In fact, that's one of Hernandez's problems: she spends too much time on exposition, and half the time, it's not as much in-depth as it is long and simply a chore to read. In the middle of the book, an entire three pages is devoted to nothing but text and some side illustrations in the upper or lower corners. While it explains the connection between Amy and Sacerdote (it's not supposed to entirely, but it's pretty obvious who the "red-haired sister" is), it's a dead stop to the reader. Up until this point, we'd had a small build up where we didn't know what was going on, but it was interesting to guess at what the connections each character had to one another.

But instead of letting the reader piece it together, Hernandez chucks a huge chunk of exposition at the reader, which basically fills in the cracks of the story and answers too many questions. If Alan Moore had told me exactly how Watchmen puzzled together halfway through, what would have been the point?

All the other characters are either of such little consequence to the events of the story, or are introduced so fast and seemingly without point or explanation, that speaking of them almost wastes my keyboard. The exception would be Temperance's uncle, who gets a lot of page time, but ends up being a very minor character in the final analysis. Out of all the characters though, I did like what Hernandez did with him the most: he was also fighting the stigma of his criminal family, but doing so as an investigator and was in the process of investigating a murder when he got caught up in the plot. I would have liked to see more done with him.

The art is mostly terrible. There's no mincing words here, it's just that bad. Hernandez subscribes to the Amerimanga style, but does it so sloppily that there are times when looking at the art is just too difficult. Some visuals blend together too easily and I find it hard to distinguish background from foreground. Characters look almost identical, especially in the case of Temperance and Amy. I couldn't tell who was talking to whom unless a word balloon held a name or a reference that pointed to which of them was speaking. At one point, I was squinting and turning back some pages to figure out whose hair was up and who's was down, just so I could follow a conversation. It's a little better for the men since they all wear different suits and have dissimilar hair, but even they suffer from a bad case of cloning.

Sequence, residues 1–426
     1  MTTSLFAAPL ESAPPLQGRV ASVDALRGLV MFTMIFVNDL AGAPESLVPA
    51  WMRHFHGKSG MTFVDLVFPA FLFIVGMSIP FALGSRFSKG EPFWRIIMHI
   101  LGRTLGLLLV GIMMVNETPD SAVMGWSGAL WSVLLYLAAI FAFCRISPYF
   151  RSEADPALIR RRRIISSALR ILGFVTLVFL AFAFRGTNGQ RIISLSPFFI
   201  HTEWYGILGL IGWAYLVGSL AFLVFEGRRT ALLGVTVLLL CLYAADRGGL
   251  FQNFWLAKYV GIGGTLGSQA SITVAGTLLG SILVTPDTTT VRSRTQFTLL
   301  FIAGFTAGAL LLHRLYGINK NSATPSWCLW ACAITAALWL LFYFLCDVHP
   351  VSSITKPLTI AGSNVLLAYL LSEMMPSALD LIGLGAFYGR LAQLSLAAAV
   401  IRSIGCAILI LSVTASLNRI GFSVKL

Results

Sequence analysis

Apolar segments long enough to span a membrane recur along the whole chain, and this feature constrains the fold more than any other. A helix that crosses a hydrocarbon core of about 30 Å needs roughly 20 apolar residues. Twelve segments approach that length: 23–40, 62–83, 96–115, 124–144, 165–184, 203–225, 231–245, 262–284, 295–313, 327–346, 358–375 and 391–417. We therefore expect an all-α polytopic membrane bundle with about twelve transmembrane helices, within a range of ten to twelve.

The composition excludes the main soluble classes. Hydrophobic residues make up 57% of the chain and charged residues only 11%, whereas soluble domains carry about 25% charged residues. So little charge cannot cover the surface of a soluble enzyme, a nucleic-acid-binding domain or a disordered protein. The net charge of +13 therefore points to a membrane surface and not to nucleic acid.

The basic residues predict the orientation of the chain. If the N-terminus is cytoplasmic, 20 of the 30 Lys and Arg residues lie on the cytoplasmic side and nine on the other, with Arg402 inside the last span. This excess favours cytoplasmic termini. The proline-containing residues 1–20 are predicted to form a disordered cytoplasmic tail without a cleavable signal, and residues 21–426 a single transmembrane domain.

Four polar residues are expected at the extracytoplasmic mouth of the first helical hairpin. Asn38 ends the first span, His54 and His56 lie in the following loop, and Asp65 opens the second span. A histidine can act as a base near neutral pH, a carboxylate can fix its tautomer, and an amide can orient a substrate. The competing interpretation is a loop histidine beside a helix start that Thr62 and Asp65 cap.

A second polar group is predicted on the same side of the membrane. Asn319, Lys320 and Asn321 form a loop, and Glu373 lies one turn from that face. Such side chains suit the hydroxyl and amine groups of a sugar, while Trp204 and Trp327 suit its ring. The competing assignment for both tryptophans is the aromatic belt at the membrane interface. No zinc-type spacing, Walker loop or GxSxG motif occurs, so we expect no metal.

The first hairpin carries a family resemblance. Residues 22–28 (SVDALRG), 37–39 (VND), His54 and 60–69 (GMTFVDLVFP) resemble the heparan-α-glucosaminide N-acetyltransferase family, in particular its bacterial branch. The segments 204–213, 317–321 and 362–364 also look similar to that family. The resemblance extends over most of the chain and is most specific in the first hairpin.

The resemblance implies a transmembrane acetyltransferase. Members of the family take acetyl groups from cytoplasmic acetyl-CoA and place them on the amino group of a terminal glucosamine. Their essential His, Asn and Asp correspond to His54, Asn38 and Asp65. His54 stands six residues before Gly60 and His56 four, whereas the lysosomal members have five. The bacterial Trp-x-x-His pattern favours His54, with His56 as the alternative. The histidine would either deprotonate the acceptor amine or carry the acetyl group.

The book would have benefited greatly from some color, and as I look at the cover, I realize I would have appreciated the art more if it had been as lovingly rendered as on the cover, with both Amy and Temperance in full color. The inking isn't crisp and doesn't help the already shoddy penciling.

One thing I do like about the art is Hernandez's good eye for the cinematic shot. Many of her pages are laid out as movie shots: low-angle, high-angle, long shots, etc. It really adds a level to the artwork. Hernandez could be a great visual storyteller in the vein of Chyna Clugston-Major and Jill Thompson, if she could polish up her character and background work.

In all fairness, this is a sequel to Hernandez's first work Cathedral Child, and some of the problems I had with the plot might have been assuaged had I read the first one, but just because it's a sequel is no reason that it shouldn't be able to stand on its own. I dislike giving this book a bad review only because I don't want to sour anyone towards Hernandez and what she's trying to accomplish. We need more women in this industry: one Devon Grayson to every hundred Chuck Dixons is not a good ratio. And we also need books that appeal to females because manga is winning them over.

I hate to say it, but Clockwork Angels is not worth the $10.95 Image is selling it for. It's an okay book. It should have been a great book.

Robert Sparling